Ireland is one of the most innovative countries in the world for providing COVID-19 solutions, according to a new study. 

The rankings, compiled by StartupBlink in collaboration with the UN's Health Innovation Index, placed Ireland sixth in the world for its innovative solutions. 

The study relates to how businesses in individual countries are responding to the COVID-19 pandemic. 

The US topped the list for innovation and only Canada, Estonia, Switzerland and Israel placed above Ireland. 

Dublin also ranked 13th among the world's most innovative cities during the Coronavirus pandemic in a list dominated by American cities.

Perhaps unsurprisingly, San Francisco topped the list, with Boston and New York rounding off the top three. Toronto, Milan, London, Seattle, Zurich, Moscow and Paris complete the top ten. 

Coronavirus Innovation Map- Global ranking, by city / cluster, of innovative solutions created in response to Covid-19. Tel Aviv at #11 @StartupBlink https://t.co/jiKpi8ULLB#coronavirus#covid19response#covid19 #flattenthecurve#digitalhealth#bestofus pic.twitter.com/udQu9ypM50

— levshapiro (@levshapiro) April 16, 2020

Enterprise Ireland, a government body that supports the development of Irish businesses, said that more than 100 of its client companies are responding to the COVID-19 crisis with innovative solutions.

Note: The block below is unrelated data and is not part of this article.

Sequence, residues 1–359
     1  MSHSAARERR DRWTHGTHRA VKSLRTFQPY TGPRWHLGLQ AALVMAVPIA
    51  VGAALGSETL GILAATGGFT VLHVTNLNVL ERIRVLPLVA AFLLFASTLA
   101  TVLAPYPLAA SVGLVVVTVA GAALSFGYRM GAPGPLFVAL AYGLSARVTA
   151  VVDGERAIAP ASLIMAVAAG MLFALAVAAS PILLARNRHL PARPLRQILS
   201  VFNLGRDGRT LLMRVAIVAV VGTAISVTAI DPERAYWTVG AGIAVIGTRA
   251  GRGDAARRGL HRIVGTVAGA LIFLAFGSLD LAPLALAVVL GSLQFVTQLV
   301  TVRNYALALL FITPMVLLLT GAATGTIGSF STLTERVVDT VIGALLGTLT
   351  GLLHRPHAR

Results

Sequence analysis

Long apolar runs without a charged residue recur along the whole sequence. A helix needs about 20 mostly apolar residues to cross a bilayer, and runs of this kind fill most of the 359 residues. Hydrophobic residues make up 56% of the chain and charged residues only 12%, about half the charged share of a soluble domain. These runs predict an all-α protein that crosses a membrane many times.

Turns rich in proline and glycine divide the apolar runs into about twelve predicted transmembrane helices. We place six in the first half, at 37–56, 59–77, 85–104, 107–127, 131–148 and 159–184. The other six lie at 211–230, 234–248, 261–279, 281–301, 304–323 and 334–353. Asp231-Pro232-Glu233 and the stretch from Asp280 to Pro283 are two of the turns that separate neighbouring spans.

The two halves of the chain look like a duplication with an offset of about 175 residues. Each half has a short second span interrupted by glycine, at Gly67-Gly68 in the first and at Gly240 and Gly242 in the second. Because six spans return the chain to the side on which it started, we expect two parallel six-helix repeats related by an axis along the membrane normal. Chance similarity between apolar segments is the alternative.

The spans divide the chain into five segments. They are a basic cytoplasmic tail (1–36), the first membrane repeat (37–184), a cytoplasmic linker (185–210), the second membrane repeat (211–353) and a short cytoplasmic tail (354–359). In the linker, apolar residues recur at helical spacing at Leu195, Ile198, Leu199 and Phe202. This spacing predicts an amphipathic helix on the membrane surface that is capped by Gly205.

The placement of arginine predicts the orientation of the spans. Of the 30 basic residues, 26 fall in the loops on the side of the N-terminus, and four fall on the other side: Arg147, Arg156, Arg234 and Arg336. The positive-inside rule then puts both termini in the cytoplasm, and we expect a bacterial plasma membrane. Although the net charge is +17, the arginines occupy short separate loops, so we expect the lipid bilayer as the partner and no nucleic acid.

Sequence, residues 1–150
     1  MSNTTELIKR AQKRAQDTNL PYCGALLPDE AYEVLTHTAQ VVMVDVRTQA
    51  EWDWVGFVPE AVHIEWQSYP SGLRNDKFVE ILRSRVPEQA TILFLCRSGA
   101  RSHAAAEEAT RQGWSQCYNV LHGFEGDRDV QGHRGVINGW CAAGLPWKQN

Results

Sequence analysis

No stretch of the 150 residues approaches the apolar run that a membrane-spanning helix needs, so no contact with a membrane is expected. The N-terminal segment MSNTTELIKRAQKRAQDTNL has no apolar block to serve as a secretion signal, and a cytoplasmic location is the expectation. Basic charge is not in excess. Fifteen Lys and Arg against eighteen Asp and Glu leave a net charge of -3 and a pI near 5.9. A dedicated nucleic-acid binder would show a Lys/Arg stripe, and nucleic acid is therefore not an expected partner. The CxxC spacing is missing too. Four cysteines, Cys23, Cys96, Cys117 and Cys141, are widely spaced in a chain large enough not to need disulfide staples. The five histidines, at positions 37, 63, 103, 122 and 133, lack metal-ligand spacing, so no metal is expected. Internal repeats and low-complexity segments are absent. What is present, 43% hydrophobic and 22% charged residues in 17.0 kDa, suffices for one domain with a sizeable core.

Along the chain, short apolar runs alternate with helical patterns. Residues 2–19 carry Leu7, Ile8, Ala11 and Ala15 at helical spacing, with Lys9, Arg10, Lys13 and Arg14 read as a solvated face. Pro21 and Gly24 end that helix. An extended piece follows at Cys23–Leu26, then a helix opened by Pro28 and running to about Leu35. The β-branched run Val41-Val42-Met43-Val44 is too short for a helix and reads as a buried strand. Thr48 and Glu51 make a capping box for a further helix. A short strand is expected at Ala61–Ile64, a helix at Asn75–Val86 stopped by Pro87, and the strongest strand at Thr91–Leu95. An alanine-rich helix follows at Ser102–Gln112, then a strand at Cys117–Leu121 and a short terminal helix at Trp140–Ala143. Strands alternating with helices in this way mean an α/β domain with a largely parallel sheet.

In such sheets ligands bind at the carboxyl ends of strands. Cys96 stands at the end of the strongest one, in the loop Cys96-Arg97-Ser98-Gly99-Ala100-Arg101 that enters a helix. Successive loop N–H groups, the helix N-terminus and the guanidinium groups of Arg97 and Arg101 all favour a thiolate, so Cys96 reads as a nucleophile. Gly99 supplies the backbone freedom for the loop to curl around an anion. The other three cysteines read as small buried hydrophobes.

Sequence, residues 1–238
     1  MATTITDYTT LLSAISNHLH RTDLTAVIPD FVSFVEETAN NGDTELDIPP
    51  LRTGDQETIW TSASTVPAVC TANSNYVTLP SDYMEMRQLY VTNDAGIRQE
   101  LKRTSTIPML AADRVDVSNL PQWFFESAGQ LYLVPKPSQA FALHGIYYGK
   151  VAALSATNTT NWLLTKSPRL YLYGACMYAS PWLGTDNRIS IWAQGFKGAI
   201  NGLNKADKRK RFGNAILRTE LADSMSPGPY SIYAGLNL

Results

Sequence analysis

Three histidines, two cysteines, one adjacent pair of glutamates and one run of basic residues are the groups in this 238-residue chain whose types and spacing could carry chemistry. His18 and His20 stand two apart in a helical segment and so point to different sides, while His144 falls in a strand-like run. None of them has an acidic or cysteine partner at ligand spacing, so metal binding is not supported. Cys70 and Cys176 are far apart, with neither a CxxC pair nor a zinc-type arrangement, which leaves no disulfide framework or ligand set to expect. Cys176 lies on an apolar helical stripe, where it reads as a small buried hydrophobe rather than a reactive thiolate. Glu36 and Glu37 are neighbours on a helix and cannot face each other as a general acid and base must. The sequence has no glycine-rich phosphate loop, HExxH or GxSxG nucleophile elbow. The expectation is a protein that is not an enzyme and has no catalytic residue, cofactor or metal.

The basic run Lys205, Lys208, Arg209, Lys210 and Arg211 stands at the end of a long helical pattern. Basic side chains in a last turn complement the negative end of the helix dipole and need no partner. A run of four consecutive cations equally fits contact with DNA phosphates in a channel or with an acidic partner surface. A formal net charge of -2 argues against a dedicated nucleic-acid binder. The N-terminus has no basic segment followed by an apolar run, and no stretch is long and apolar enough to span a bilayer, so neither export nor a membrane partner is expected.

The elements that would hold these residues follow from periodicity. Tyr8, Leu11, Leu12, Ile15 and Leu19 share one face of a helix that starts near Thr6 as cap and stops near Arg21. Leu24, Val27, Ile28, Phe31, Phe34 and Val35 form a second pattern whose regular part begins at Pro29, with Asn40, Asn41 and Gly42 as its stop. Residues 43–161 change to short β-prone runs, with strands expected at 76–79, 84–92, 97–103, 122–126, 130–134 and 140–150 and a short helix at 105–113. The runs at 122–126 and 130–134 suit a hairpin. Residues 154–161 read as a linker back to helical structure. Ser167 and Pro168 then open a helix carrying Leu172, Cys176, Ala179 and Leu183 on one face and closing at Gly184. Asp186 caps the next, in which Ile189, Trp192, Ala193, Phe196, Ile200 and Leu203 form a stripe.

Medtronic, for example, is exponentially increasing its production of life-saving ventilators in its manufacturing facility in Galway. 

Read more: Medtronic Ireland set to double production of life-saving ventilators to combat coronavirus

The medical device manufacturers are headquartered in Dublin and plans to make more than 25,000 ventilators over the next six months. It has already upped production from 300 ventilators per week in March to 400 per week now and intends to increase those figures to 700 a week by the end of May and 1,000 per week by June. 

Medtronic also recently shared design specifications for the Puritan Bennett 560 - one of its ventilators - with other manufacturers to help overcome the global shortage of ventilators. 

Akara Robotics, meanwhile, developed a virus-killing robot that can disinfect hospitals remove COVID-19 from surfaces. The Dublin startup company designed the robot to make hospital cleaning more efficient and safer for hospital staff. 

Robot Violet uses ultraviolet to break down the virus's DNA and Akara Robotics committed to making 50 robots for Irish hospitals around the country. 

Read more: Dublin scientists develop Covid-19 virus killing robot

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